- Food channels: 8% of ad buys
- Remaining channels: 5% or less of ad buys
Q2 and Q3 saw 15 to 18x times the ad buys than the previous year during the same period, which makes sense given the time of year and all the big consumer pushes that Capital One wants to take part in.
Capital One continued to spend leading up to the holidays. In Q4, spending increased by nearly 175% from the previous year.
So far in 2022, Capital One has spent 200% and 10% more YoY in January and February, respectively.
Ad investment on YouTube for Expedia’s brands, including Trivago, HotWire, Hotels.com, Expedia and Vrbo, increased by almost 200% YoY as it invested over $1mm on 22 content categories.
- Music channels: 32% of ad buys
- Kids channels: 13% of ad buys
- Society & Culture channels: 8% of ad buys
- Sports channels: 7% of ad buys
- Remaining channels: 6% or less of ad buys
When we look at Expedia’s spending on a brand-by-brand level, we get an interesting story.
On the one hand, Vrbo, Hotels.com and Hotwire all got substantial increases.
Vrbo, for example, saw a 300% YoY increase while Hotels.com and Hotwire saw 26x and 83x more ad buys than they did last year.
On the other hand, spending on Expedia and Trivago went down—Expedia spending went down by 40% YoY.
While we expected the increases to Vrbo, Hotels.com and Hotwire as the pandemic-induced hiatus (hopefully) ended, it’s a wonder why the company didn’t do the same for its other brands.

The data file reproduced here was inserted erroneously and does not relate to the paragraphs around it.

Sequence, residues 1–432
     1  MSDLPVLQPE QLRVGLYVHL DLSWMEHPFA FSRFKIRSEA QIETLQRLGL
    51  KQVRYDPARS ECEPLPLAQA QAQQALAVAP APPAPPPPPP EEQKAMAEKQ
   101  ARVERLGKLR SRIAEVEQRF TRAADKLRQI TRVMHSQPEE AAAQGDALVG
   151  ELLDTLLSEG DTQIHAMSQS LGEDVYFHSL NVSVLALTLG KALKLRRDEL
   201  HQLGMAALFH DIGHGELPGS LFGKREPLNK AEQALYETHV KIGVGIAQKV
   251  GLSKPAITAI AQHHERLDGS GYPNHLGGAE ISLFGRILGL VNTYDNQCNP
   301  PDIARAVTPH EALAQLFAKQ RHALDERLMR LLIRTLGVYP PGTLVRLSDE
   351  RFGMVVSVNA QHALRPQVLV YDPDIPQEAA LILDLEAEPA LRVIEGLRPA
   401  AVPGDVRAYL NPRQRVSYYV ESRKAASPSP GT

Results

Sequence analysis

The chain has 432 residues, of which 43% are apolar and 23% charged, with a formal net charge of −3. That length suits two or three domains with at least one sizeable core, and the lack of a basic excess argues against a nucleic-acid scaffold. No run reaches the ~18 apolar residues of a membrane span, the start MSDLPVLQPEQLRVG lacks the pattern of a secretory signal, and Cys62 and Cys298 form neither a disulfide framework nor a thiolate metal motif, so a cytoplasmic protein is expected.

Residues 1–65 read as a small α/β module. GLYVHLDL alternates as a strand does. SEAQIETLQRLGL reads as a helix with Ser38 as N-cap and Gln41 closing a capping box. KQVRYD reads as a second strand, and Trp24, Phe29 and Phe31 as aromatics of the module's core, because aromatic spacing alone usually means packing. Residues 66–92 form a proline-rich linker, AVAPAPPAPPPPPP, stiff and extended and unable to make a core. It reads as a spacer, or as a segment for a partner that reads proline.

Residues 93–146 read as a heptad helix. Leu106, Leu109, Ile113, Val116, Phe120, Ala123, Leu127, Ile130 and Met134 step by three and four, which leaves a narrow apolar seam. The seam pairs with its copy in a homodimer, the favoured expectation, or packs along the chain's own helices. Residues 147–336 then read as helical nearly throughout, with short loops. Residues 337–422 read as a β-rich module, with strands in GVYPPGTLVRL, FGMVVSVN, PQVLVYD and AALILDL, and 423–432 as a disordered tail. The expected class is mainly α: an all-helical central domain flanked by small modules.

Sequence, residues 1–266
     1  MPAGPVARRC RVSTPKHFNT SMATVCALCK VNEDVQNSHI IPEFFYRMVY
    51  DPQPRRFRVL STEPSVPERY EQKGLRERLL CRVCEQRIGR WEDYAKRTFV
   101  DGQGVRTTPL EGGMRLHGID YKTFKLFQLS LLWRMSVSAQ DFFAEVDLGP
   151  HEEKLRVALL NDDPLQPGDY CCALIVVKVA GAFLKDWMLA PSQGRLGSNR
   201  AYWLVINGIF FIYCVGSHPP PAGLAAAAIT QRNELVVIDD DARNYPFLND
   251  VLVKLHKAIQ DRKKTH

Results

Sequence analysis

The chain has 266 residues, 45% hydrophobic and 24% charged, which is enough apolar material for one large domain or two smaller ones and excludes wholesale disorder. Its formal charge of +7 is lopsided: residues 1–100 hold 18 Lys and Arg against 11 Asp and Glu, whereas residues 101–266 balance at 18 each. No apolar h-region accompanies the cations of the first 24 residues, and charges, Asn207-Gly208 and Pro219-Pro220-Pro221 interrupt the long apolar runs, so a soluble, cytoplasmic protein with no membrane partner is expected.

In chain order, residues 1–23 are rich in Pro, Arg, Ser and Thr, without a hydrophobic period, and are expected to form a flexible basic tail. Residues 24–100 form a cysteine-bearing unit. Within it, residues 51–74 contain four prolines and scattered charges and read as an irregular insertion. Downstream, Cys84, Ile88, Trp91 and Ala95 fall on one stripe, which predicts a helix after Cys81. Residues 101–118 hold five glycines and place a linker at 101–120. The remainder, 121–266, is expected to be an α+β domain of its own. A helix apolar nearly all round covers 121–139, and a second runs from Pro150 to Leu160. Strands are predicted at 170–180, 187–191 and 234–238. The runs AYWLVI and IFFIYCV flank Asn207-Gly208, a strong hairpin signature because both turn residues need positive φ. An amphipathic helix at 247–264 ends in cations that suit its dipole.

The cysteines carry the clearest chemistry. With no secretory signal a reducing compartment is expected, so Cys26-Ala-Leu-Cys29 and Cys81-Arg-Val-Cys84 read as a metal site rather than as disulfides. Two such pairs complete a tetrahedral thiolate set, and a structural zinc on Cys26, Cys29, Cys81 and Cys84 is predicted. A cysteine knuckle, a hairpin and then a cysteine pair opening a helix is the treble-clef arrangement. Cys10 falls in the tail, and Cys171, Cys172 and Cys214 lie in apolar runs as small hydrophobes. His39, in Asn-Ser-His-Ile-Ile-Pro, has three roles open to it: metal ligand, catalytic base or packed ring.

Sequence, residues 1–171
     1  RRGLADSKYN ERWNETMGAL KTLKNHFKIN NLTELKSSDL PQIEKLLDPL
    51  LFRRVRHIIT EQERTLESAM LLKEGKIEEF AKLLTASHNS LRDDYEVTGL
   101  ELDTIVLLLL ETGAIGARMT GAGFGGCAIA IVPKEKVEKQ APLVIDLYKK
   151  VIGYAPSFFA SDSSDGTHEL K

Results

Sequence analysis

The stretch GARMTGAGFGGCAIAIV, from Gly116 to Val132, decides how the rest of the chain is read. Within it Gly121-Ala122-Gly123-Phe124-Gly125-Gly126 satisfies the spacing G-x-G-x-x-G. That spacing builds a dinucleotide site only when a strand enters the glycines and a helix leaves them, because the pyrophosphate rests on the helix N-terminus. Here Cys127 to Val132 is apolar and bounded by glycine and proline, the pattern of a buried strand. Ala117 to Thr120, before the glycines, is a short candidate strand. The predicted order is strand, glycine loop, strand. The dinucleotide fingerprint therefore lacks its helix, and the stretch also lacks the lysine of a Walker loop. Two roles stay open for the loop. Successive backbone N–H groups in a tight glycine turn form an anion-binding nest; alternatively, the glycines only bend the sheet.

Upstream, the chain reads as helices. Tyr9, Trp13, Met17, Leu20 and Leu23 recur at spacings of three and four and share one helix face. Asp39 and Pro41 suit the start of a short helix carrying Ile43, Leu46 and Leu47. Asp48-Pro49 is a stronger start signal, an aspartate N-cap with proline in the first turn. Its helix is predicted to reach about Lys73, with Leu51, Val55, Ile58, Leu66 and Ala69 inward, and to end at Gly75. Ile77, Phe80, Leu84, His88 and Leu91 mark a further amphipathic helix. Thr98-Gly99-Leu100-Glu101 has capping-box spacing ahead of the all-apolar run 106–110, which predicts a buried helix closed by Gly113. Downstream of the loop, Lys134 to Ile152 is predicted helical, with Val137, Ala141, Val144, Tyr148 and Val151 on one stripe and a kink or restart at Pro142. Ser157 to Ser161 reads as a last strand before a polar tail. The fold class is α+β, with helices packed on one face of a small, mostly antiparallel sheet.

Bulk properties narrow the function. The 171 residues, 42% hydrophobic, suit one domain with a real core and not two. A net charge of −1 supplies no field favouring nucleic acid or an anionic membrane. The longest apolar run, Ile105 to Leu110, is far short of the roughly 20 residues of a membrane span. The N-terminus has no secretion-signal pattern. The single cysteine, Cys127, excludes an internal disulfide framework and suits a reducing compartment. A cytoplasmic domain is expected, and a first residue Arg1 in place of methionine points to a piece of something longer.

Gilead Sciences, which researches and develops antiviral drugs used to treat HIV/AIDS, hepatitis B, hepatitis C and influenza, increased its YouTube ad investment by nearly 325% YoY in 2021.
That’s an increase worth noting under normal circumstances, but the story becomes even more intriguing when you consider that this represents 91% of the company’s total digital spend.
Said another way, Gilead Sciences essentially increased its total digital advertising budget by more than 300%, indicating a substantial shift in its strategy.
Gilead purchased at least $1mm in ads across 15 content categories:
- Music channels: 34% of ad buys
- Society & Culture: 17% of ad buys
- Gaming channels: 9% of ad buys
- Movies & Comedy channels: 8% of ad buys
- Remaining channels: 7% or less of ad buys
The company really began ramping up spend toward the end of the year.
In August, Gilead’s started investing at least 93% of its video ad buys to YouTube (compared to January 2021 when only 54% of its video investment was going to YouTube).
Gilead’s Q4 was the largest quarter and experienced almost 750% growth YoY, which is why we’re not surprised to see spending continue in 2022.
So far in 2022, ad spending is up 48% and 112% YoY in January and February, respectively.
The Over $100mm YouTube Ads Club
YouTube’s no stranger to having advertisers open their wallets in a big way.
Given the platform’s maturity, addressable audience and proven ad capabilities, the $100mm+ investments from companies like Amazon, Apple, Capital One, Expedia and Gilead Sciences will continue.
But that’s not to say other advertisers aren’t welcome.
In 2021, 18.3k companies promoted over 32k brands on YouTube, helping drive a 56% YoY growth in ad investment and bring total spending to close to $10b.
It’s clear that, while the “Over $100mm YouTube Advertising Club” puts you in impressive company, it’s not a card you must hold to get in the door.